As a follow-up to my previous post, I’ll now re-post a couple of reflections on this question that has obsessed modern people: was Jesus probably married?   I should say that what obsesses most folk is not what obsesses scholars, as a rule; in my roughly 89 million discussions with New Testament scholars over the past 44 years, I don’t recall ever having a detailed back-and-forth about it, except in public settings in front of a crowd of non-scholars.  It’s kind-a like Shakespeare.  I know this is disappointing, but the major Shakespeare scholars in universities in England and America do NOT have discussions about whether Shakespeare really wrote the plays.  It’s just not the issue….

Anyway, I did have to deal with the question of Jesus possible marriage, with a couple of other scholars, in front of a crowd five years ago.  I posted on it afterward.  Here’s what I said.


I am en route just now, back from Las Vegas, where I participated in a discussion with two other scholars at the Black Mountain Institute on the question “Would It Matter If Jesus Were Married?” The Black Mountain Institute is part of the University of Nevada at Las Vegas (UNLV); it sponsors events having to do with literature and history. Usually these involve two or more scholars, on stage, on chairs, with a moderator, discussing a topic of mutual interest. The moderator last night was Carol Harter, the former president of UNLV. The two other scholars were Karen King and Mark Jordan.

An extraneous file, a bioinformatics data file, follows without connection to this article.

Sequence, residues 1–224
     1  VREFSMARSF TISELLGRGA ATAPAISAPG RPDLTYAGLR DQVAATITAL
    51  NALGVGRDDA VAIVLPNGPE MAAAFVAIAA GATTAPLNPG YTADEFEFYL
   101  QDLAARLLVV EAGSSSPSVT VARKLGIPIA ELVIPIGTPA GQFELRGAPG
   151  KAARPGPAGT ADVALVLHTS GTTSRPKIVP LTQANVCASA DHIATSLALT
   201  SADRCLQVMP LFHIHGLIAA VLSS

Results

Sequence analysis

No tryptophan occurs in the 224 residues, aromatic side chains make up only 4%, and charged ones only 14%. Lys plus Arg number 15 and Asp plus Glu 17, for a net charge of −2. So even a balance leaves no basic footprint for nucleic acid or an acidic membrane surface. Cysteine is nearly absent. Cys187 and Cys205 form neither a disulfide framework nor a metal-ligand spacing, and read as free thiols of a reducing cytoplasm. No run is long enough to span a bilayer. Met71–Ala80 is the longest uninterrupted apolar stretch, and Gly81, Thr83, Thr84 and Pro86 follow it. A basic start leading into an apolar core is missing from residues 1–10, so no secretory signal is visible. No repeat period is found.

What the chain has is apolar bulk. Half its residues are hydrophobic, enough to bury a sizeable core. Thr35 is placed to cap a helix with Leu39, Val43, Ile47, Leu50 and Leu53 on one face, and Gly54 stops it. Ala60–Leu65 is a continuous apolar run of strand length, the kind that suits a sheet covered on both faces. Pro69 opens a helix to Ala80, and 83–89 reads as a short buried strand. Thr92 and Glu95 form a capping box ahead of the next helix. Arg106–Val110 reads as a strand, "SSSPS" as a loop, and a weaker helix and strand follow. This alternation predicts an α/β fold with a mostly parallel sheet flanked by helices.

Both Karen and Mark are very well known and highly respected scholars. Karen is a professor of early Christianity at Harvard, where she holds the oldest endowed chair, of any kind, in the country; her expertise is especially in early Christian Gnosticism, and she has become best known in the past few years for her role in publicizing the “Gospel of Jesus’ Wife” that I have blogged on before (search and see!). I’ve known Karen for years, but not well. She is a very insightful feminist historian with special interest in issues involving women, gender, sexuality, marriage in the early Christian movement.

Mark is one of the great scholars of religion in the country. He is extraordinarily wide ranging, having translated Thomas Aquinas on the one hand and having written, on the other, some of the most important books ever produced on the issues of gender and of sexual ethics and, especially the history of homosexuality in the Christian tradition, including his book The Invention of Sodomy. He is not principally an expert on early Christianity per se, but he knows an uncanny amount about just about everything. If he weren’t such a friendly and affable fellow, he would be flat-out intimidating.

Our task was to discuss in front of an overflowing crowd (standing room only: turns out this was a hot topic) various issues related to Jesus’ marital status. Was he married? Why does it matter to people? Should it matter? If he could be shown to have been married, would it matter? For women? For understandings of sexuality? For notions of marriage? For the celibate priesthood in the Catholic Church? For anyone or anything else?

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